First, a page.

You’ve written something, and you need someone outside your friend and family circle to read it. You have a short list of editors you want to talk to. There’s a good deal of back and forth before you hire someone you don’t know to edit your work. You need to establish a few things first.
Level of Editing
The first thing you want to figure out is the level of edit you want. Do you just want a quick polish for glaring errors or do you want someone to help you rethink the organization of your work?
Developmental editing is where the editor works with the writer to flesh out ideas, identify compelling storylines or themes, and organize the larger work.
Copyediting ranges from “heavy” to “light” depending on how much work needs to be done. In a copyedit, the editor checks for grammar, typos, awkward wordings, some organizational issues (that’s on the heavier side), consistency, readability, and continuity.
Proofreading is usually quicker and less hands-on for the editor. The text is in its relatively final form, and the proofreader is just looking to correct errors introduced earlier in the process.
Writing coaching is the process of helping the writer set and meet their writing goals. It can include all of the above level of edits, but what makes it unlike editing is that writing coaching involves helping the writer with their creative process itself rather than just the writing.
Budget and Time Frame
When do you need the manuscript returned to you? Is it ready to go today or are you halfway through and want to set something up for a few months from now to give yourself a deadline?
How much money do you have to spend on an edit? I live and die by the Editorial Freelancer Association’s chart of common rates. Editors will often ask for a certain amount of money up front and the rest upon completion of the project. For longer projects editors might want to be paid weekly, biweekly, or monthly.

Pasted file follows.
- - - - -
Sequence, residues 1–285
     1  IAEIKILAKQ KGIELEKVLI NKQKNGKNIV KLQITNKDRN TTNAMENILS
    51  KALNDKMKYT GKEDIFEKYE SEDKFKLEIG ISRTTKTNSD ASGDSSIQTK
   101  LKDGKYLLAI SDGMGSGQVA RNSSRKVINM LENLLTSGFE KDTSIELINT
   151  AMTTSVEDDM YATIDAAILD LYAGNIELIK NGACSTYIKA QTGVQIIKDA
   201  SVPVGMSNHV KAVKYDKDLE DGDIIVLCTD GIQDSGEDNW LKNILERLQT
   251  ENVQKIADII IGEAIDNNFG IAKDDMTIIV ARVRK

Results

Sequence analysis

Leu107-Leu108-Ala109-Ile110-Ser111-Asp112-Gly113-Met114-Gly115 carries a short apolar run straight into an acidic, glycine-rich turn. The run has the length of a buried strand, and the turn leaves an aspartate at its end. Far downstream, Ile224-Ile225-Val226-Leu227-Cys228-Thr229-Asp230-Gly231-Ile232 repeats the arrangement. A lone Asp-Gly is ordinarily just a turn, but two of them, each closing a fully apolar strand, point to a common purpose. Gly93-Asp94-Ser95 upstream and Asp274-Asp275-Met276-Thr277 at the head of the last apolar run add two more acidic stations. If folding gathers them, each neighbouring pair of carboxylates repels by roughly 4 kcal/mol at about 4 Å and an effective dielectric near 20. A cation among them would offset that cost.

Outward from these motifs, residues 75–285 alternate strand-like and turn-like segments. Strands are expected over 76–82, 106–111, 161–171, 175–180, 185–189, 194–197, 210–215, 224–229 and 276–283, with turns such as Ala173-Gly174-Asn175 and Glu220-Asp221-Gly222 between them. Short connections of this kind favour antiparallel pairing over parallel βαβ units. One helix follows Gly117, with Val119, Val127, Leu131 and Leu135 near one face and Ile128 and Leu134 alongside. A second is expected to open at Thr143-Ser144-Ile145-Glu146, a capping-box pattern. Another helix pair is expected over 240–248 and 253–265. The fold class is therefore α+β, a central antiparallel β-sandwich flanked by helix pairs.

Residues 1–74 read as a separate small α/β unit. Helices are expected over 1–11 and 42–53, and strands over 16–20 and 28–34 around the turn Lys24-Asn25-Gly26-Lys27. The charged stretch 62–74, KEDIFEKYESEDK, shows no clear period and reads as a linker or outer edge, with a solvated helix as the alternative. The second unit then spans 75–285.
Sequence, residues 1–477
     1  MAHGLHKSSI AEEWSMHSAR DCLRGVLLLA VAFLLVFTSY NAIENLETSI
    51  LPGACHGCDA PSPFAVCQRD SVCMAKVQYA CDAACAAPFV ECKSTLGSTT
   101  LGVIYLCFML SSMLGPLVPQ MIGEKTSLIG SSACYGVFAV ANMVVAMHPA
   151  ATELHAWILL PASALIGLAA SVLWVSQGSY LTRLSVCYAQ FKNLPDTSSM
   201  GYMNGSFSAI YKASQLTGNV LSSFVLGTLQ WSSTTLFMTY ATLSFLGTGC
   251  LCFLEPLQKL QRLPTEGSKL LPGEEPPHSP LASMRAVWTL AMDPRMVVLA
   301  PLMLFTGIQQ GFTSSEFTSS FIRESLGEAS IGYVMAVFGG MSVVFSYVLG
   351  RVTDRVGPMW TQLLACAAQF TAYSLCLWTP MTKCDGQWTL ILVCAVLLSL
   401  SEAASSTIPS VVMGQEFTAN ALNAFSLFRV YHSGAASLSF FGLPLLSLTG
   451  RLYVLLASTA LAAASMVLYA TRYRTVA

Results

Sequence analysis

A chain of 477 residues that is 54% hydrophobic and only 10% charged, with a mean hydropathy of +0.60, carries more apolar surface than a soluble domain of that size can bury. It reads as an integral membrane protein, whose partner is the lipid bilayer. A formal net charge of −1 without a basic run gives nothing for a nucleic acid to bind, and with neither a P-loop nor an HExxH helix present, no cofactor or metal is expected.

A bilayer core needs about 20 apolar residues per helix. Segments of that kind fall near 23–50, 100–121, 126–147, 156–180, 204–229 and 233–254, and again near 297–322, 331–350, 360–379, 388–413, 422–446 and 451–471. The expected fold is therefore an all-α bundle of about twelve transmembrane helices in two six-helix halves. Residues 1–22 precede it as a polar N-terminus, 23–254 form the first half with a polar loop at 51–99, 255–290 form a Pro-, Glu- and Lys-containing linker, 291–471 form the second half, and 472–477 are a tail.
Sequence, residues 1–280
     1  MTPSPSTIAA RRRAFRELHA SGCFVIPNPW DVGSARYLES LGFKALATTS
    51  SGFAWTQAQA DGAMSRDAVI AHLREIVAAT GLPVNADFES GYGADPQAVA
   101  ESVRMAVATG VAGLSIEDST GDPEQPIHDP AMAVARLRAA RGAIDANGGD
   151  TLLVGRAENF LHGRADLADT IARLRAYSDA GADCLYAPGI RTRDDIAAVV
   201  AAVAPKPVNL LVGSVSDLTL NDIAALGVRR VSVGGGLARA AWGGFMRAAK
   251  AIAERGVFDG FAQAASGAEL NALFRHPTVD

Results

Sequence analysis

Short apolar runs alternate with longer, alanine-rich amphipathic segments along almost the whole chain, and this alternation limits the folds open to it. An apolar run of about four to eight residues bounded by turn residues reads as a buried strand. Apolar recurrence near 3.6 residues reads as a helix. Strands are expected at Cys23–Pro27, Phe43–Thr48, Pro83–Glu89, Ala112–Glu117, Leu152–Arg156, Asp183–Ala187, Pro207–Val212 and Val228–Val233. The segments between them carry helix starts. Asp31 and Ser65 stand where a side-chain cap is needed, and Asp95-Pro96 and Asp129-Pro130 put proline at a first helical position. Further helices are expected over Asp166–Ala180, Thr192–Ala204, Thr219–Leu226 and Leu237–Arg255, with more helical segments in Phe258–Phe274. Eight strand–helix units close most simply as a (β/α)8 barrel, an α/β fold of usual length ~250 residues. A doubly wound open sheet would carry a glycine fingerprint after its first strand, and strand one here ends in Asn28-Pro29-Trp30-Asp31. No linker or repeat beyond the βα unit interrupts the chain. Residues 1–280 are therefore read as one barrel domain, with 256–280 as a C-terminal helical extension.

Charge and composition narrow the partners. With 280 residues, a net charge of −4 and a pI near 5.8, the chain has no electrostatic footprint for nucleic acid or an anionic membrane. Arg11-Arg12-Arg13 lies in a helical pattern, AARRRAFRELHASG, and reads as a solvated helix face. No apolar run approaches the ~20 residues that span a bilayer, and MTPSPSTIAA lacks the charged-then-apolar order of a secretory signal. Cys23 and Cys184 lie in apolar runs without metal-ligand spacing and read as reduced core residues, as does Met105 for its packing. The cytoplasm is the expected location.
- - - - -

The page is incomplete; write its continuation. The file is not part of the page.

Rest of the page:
Be direct (and polite, of course) about both your budget and your time frame. (And pay your editor promptly. We editors like to eat too.)
This is the less concrete part of your negotiations. Each editor has a slightly different set of interests and approaches. Each writer has different styles and needs. A successful editor/writer relationship needs compatible styles. Sometimes people are perfectly good writers and editors, their styles just don’t mesh. And there is nothing wrong with that; it’s just something one should find out earlier rather than later.
You can always ask an editor to talk about their editing practice and approach. Also think about what approaches have worked well for you in the past. Haven’t been edited before? Think back to other collaborative and teaching experiences. What works for you and what doesn’t?
The best way to figure this out is to ask for a sample edit. (This is more common with larger projects.) Some editors (such as myself) will edit 2 pages or so for free. Others will give you a sample edit for a small charge. Either way, this is a great way for the writer to figure out if they like the editor’s approach and the editor to figure out if the writer is receptive to what the editor says. It also helps the editor set a more accurate estimate on the final project.
What do you ask when first contacting an editor?
(Image from https://www.chicagomanualofstyle.org/help-tools/proofreading-marks.html)